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[whitespace] mixing bowl
George Sakkestad

Bowl Game: Holli Adams of Chefworks displays a gourmet mixing bowl in all its reflecting glory.

When desperately seeking the perfect gifts, don't forget that everybody adores fine foods and culinary specialties

By Christina Waters

FOOD AND FRIENDS invariably fuse in the holiday archetypes that we've carried around since childhood. The scent of spices perfuming something warm from the oven, sparkling champagne by firelight, tables set with homemade favorites and a sense of being exactly where you always wanted to be. Even holidays that aren't printed by Hallmark or colorized by Steven Spielberg tend to bring out the need for time-honored flavors somehow directly linked with all the best memories.

Edible gifts go with the season.

My great-aunt Mariana always sent us a heavy foil-wrapped fruit cake this time of year. Even though we secretly hated that dense block of fruit and nuts, we still remember its incredibly rich and haunting aroma. One uncle always showed up on Dec. 24 with a tall foil bag filled with a bottle of French champagne. We thought he simply lacked imagination. But in fact it was a thoughtful luxury that delighted my parents.

Baking cookies and breads to give as gifts is as old as King David's psalms. At my house the best stocking stuffers include exotica like Szechuan peppercorns, vanilla beans, salt grinders, Moroccan olives, sun-dried tomatoes and always a big triangular bar of Swiss Toblerone chocolate.

GIVING A GIFT that tastes delicious is somehow more personal and loving than a silk tie or gift certificate. So here are a few tasty ideas for local culinary consumers that should impress even the most jaded chef/host on your list.

The Santa Cruz Mountains produce lovely handmade wines. Comb the shelves of your favorite wine shop and you'll find wonderful gifts. We love the luscious cassis from Bonny Doon Vineyard, as well as the 1996 Devlin Wine Cellars El Dorado County Zinfandel and Silver Mountain's 1996 Chardonnay, made from organically grown grapes. You can find your own favorites, but chances are any wine lover will be pleased with a decent ($10 and up) bottle of Merlot.

Jones & Bones, 621 Capitola Ave. in Capitola, carries enough condiments to consummate Christmas well into the next millennium. All the Stonewall Kitchen jellies and sauces are here, including an amazing new dressing of maple and passion fruit. Demerara sugar from the Caribbean is the sort of tony item that a tea lover might adore.

Big--very big--this year is the line of condiments and seasonings perfected by Restaurant Lulu. The San Francisco- based restaurant markets tall slender bottles filled with balsamic vinegars flavored with fig, blackberry or currant ($16-$18). Lulu's Roasted Tomato Sauce ($6.25) will make anyone a pasta genius. And the brand's White Truffle honey ($10) is simply decadent.

We especially loved pastel-hued Jelli cutting boards made of space-age plastics, as well as the Jones & Bones wall of barbecue sauces, marinades, salsas, chutneys and jerk seasonings. Go and stock up for everyone on your list. Or if you're lazy, just grab the Christmas tree-shaped gift box of 18 truffles from the house of Joseph Schmidt ($49.95) and impress a loved one with a sweet tooth.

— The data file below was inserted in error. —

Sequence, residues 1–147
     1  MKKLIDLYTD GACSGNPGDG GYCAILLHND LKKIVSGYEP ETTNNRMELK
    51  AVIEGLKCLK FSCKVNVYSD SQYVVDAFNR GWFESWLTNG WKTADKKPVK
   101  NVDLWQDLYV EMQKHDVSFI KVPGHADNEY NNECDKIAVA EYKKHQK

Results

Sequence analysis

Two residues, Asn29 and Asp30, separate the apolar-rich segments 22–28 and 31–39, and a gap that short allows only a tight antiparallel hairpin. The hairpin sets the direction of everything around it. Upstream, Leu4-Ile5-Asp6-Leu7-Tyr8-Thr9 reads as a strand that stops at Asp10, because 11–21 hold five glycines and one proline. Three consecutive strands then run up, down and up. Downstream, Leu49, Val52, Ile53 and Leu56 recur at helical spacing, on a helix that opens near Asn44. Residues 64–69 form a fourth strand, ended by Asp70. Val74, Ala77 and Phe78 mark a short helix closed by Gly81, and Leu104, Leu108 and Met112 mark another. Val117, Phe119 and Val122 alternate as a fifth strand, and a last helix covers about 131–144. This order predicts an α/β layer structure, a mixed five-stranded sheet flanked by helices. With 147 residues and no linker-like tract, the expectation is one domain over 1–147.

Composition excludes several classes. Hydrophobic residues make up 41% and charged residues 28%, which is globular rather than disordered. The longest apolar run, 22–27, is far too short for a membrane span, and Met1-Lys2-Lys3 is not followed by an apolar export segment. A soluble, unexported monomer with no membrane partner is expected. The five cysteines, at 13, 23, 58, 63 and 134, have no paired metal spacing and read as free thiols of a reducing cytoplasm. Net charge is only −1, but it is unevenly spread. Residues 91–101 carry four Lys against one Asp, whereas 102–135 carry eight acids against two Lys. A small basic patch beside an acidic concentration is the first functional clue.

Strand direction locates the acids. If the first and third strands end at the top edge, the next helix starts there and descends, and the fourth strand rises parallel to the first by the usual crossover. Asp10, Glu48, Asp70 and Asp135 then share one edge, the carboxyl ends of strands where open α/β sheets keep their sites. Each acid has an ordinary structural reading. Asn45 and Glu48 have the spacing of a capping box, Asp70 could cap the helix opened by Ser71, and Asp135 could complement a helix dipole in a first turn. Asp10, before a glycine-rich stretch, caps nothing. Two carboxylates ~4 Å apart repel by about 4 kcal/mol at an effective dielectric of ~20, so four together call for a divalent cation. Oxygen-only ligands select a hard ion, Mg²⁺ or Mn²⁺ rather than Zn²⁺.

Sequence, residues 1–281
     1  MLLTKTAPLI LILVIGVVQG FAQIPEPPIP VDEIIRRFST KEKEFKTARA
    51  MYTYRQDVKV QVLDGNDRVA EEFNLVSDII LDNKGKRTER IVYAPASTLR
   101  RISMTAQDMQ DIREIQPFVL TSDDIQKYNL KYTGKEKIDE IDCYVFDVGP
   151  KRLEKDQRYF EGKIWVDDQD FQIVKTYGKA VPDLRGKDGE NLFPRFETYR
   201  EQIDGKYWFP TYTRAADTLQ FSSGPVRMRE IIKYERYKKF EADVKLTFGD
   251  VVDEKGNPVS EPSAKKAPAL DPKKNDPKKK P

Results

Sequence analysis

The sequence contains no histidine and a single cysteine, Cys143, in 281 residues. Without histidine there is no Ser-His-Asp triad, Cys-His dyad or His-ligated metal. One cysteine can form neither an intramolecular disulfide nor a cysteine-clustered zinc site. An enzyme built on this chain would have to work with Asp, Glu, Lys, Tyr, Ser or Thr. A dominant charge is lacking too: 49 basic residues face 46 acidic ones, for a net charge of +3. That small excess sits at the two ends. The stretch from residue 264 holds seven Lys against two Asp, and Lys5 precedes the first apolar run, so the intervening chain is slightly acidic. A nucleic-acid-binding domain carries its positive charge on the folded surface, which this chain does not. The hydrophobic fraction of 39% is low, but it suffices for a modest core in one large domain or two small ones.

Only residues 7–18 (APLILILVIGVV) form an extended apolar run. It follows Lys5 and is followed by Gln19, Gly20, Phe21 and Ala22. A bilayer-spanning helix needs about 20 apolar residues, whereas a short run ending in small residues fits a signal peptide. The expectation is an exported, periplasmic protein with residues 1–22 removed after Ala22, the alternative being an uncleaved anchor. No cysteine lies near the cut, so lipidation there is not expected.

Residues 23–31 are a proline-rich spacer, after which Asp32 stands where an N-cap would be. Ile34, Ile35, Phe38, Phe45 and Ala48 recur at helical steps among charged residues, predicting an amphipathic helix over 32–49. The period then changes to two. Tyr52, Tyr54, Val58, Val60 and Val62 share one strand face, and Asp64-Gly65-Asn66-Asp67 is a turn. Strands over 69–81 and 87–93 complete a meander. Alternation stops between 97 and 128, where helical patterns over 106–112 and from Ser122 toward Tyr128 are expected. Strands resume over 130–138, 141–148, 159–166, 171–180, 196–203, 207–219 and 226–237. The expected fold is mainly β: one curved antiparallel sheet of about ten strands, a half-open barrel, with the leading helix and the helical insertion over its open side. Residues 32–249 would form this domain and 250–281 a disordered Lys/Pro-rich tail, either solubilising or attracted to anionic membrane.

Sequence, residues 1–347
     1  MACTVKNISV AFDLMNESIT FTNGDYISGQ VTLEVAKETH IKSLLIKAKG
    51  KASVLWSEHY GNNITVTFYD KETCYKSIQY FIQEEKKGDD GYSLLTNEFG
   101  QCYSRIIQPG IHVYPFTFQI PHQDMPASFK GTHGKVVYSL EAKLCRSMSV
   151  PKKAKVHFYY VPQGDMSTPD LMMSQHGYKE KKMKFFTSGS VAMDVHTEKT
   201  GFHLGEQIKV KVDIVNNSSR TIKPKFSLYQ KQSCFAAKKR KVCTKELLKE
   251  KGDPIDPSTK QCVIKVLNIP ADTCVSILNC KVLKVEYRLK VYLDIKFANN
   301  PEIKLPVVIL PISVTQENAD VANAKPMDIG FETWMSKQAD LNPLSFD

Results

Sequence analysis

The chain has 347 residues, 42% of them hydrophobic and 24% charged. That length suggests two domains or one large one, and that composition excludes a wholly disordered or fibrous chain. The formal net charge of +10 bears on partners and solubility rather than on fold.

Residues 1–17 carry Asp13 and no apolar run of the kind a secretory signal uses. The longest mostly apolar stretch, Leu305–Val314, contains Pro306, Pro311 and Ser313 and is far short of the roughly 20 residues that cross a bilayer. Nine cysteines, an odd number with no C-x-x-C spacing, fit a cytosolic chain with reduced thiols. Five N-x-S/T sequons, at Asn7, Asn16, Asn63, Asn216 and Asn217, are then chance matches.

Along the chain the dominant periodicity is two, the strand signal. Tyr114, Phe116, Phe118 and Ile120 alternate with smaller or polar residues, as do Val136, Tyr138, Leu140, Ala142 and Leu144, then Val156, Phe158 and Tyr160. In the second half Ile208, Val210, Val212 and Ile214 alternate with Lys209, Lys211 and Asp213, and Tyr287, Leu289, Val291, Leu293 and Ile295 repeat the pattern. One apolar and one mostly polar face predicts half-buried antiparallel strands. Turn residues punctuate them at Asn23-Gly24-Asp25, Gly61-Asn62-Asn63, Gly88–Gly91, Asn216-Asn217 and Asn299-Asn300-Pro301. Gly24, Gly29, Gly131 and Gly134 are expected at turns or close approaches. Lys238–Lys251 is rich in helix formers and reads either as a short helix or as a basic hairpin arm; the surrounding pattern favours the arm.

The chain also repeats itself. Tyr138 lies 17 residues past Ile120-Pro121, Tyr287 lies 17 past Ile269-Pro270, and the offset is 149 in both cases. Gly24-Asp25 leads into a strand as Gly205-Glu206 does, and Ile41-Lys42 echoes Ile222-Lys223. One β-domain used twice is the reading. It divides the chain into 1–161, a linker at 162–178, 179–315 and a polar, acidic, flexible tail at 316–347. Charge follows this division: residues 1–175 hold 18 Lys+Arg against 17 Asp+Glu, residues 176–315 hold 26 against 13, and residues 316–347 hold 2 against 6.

YOU CAN FIND huge ceramic mixing bowls covered with polka-dot glazes ($58) from Terramoto or brass pepper grinders from Greece, with long, graceful handles ($44). Tuck a tiny ($5) mortar and pestle made from laboratory porcelain into a stocking. These and a thousand other culinary accouterments lie in wait at ID, 1515 Pacific Ave. in downtown Santa Cruz.

A visit to a kitchen store like Chefworks, 1527 Pacific Ave., turns up gifts like the Republic of Tea jams--the Ginger Peach Tea and Blackberry Sage Tea are both exquisite. Bodum makes neo-moderne pots and kettles of gleaming stainless steel--tea drinkers will adore tiny glass individual pots ($20).

From Aloha come jellies with sexy flavors like apricot pepper, pomegranate pepper, even habañero chile, pretty as shimmering jewels. Wine Country Kitchens makes more splendid vinegars, gorgeously packaged with pouring spouts ($11-$19) in provocative flavors like mango chile and sesame ginger. The craze for flavored oils and vinegars shows absolutely no signs of waning, so you have to be in a coma not to find these babies.

If you have a serious, industrially committed chef on your list, consider something important like a professional-grade knife.

We're also mad about the beautiful wicker picnic hampers from Picnic Time. Lined with red tartan cotton and made of sturdy woven bamboo, the Sandringham model ($90) comes ready for alfresco dining romance with wine glasses, corkscrew, stainless-steel utensils, cotton napkins, melamine dinner plates, even a plastic food container--for two, of course.

Remember, all real foodies are hopelessly devoted to Saveur, the quintessential culinary magazine. Call 800/462-0209 to order a gift subscription. Chances are you'll be invited to dinner more than once. In the immortal words of St. Nick--feliz Navidad, happy Chanukah, and bon appetit!

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From the November 19-24, 1998 issue of Metro Santa Cruz.

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